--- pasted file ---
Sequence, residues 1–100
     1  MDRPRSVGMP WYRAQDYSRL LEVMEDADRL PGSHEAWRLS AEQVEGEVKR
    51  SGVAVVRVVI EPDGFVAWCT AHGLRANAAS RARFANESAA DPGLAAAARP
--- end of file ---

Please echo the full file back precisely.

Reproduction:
Sequence, residues 1–100
     1  MDRPRSVGMP WYRAQDYSRL LEVMEDADRL PGSHEAWRLS AEQVEGEVKR
    51  SGVAVVRVVI EPDGFVAWCT AHGLRANAAS RARFANESAA DPGLAAAARP